I agree. It should look and feel like iOS (carry over iPhone backgrounds, user preferences). Apple needs to come out with a car stereo/media center. This 3rd party stuff doesn't cut it for me.


After only a few full days of deliveries I found that the phones battery died quickly when you use it for directions. I also found that when you absolutely need directions, you can suddenly loose your signal. That happened a few times when I really needed to know where I was.

A simple car charger will solve your problems.
Rating: 4 Votes
24 months ago

What's the point of Bluetooth if you're using CarPlay? Bluetooth has much poorer audio quality, introduces interference in phone calls, can have connection issues, and using it means you are running the battery down instead of charging it. If you're sitting in a car you might as well have your phone charging through the same cable that's sending the audio and video since CarPlay requires it.

I really can't think of any need for Bluetooth on a device that's specifically made for and requires CarPlay.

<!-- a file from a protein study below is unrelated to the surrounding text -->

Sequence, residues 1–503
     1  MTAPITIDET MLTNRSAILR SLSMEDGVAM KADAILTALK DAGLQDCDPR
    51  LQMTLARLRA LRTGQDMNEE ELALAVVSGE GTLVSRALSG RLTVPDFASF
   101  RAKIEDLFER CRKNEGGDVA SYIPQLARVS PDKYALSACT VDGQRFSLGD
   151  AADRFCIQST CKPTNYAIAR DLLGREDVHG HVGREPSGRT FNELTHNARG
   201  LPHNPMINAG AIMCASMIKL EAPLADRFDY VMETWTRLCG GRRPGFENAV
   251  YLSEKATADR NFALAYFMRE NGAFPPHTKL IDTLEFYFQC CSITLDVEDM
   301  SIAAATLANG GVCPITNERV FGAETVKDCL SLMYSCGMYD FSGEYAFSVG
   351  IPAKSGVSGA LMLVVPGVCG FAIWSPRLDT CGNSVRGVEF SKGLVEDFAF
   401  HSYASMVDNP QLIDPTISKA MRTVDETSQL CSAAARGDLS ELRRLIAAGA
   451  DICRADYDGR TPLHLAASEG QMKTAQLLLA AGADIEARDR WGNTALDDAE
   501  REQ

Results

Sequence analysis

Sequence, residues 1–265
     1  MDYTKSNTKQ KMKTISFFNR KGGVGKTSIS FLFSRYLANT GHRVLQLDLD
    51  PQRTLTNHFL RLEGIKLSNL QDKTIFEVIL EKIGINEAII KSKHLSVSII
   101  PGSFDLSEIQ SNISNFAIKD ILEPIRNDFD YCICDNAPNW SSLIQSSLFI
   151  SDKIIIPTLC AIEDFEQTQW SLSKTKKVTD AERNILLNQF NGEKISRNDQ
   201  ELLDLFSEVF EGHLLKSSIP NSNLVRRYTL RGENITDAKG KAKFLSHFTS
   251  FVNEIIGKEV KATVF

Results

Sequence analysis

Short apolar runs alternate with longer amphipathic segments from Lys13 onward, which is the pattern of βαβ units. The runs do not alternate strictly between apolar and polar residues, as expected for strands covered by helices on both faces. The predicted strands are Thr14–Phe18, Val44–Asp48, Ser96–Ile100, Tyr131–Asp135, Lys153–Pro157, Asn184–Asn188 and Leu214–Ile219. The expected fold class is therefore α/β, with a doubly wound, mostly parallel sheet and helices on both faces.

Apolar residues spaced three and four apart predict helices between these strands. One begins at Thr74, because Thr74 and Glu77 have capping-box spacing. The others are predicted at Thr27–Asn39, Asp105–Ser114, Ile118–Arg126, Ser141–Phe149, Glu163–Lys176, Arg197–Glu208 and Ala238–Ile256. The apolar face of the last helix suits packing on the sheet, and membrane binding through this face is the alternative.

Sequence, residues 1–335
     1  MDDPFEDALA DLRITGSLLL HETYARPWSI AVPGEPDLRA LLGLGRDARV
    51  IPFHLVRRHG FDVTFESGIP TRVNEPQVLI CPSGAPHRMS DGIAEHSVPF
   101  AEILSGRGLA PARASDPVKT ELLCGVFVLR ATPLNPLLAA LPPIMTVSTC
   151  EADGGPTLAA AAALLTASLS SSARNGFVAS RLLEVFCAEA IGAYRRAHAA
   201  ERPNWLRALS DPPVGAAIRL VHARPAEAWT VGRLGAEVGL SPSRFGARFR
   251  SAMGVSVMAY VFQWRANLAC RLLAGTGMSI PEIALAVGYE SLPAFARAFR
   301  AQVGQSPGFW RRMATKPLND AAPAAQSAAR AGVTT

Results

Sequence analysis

Agreed, however it would be nice to have bluetooth streaming if a buddy is riding in the car and has an Android phone or older iPhone without lightning connector.
Rating: 3 Votes
24 months ago

The audio for phone calls is routed through your stereo speakers not the speaker phone when using Carplay so the lightning connector is better than bluetooth in every way.

Not necessarily. I don't always want to pull my phone out of my pocket every time I jump in my truck. Sometimes, when I'm just driving 2 minutes down the road and leave my phone buried in my jacket pocket, I appreciate that my old Bluetooth streaming enabled head unit would just jump in where I left off.

I want the option for both; primarily I'll use the the connector, but I like the option.
Rating: 3 Votes
24 months ago

My wife is shopping for a new 2 series at BMW. I told her to ask about CarPlay and the dealer said "You don't want it, it's not good." Me thinks Apple needs to start greasing some hands at the dealerships.

That is because the BMW dealer wants to sell her the BMW $3500 head unit with integrated mapping instead of a $700 alpine.

BMW head unit profit: $2800
Alpine profit: $300

You can see why he thinks the Alpine sucks.
Rating: 2 Votes